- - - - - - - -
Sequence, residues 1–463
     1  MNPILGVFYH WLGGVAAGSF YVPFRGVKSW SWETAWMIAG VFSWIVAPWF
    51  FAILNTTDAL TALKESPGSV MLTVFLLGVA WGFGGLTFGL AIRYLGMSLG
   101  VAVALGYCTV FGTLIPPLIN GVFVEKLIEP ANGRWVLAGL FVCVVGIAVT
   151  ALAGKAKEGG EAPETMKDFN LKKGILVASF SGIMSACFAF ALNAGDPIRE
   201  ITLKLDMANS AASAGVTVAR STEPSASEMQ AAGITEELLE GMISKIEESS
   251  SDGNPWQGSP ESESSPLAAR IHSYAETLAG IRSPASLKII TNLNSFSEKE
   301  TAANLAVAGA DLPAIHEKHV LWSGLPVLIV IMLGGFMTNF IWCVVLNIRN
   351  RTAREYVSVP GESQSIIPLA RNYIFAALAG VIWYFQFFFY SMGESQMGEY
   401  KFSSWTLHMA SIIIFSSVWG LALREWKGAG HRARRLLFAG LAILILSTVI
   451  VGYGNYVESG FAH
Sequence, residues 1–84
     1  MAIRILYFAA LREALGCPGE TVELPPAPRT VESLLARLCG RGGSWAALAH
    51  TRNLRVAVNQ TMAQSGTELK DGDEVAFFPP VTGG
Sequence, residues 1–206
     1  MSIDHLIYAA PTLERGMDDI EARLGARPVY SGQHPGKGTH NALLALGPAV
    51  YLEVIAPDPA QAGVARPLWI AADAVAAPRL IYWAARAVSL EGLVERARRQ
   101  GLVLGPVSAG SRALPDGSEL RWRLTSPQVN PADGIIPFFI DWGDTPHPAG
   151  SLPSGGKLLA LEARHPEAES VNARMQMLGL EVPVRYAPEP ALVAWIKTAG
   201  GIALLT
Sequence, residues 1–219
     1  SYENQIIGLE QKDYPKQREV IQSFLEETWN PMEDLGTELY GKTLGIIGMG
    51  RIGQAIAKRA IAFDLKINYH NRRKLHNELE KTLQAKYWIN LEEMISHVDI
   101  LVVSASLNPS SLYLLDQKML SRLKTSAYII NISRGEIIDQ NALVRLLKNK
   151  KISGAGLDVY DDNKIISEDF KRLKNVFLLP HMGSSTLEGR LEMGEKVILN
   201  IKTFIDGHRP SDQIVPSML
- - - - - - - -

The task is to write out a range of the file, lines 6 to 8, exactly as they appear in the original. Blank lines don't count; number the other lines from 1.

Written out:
   201  ITLKLDMANS AASAGVTVAR STEPSASEMQ AAGITEELLE GMISKIEESS
   251  SDGNPWQGSP ESESSPLAAR IHSYAETLAG IRSPASLKII TNLNSFSEKE
   301  TAANLAVAGA DLPAIHEKHV LWSGLPVLIV IMLGGFMTNF IWCVVLNIRN